Monday, February 6, 2012

bouncing dot analysis

I made a "level" comprised of walls that are either vertical, horizontal or halfway in between. Then you put a point in the level and it can move in one of the basic eight directions one pixel at a time. Then it bounces off the walls like so:
You can see it gets back to the original point moving in the same direction and then it repeats about every 30 seconds.  A little bit of analysis shows that what actually happens is there are two points in the pattern where the point completely reverses direction. And a bit of thought can deduce that a necessary condition for that to happen is two walls that can be connected by an uninterrupted line of possible point travel are aligned 45 degrees apart. By the way this video is 5000 frames long.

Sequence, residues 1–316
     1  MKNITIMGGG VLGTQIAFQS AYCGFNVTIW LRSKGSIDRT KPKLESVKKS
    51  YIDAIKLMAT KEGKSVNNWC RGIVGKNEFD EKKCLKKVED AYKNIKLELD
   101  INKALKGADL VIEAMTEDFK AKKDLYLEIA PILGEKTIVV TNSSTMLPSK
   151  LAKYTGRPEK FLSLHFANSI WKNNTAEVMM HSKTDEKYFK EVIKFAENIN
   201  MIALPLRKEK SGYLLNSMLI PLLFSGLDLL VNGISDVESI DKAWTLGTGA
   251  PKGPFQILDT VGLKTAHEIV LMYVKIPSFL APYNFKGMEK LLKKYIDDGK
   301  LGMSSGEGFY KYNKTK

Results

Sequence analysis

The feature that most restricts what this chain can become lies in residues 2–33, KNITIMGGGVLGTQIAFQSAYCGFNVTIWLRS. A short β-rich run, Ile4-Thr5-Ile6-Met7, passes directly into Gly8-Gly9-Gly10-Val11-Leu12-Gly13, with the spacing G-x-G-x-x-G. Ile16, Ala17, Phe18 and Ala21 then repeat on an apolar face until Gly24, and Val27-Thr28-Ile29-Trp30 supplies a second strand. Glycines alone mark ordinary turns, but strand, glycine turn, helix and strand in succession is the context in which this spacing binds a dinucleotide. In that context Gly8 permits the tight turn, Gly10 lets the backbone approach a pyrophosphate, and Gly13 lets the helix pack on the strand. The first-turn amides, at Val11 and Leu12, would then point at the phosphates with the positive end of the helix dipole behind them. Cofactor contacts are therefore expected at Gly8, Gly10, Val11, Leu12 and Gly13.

So you can design a level without that necessary condition, one easy way is to avoid diagonal lines in the level altogether so all the levels walls can only be increments of 90 degrees apart. Though I found you have to delete the very corner pixel of each rectangle when using my bouncing algorithm. 


In this 5000 frames of video the position and velocity of the point never repeats. It's easy to tell because around 3 minutes in the point eventually squeezed between the top left block and the wall and it never had before that.
  So a good question might be how long it would take to repeat a position moving in the same direction. If I find out I'll update this blog entry.

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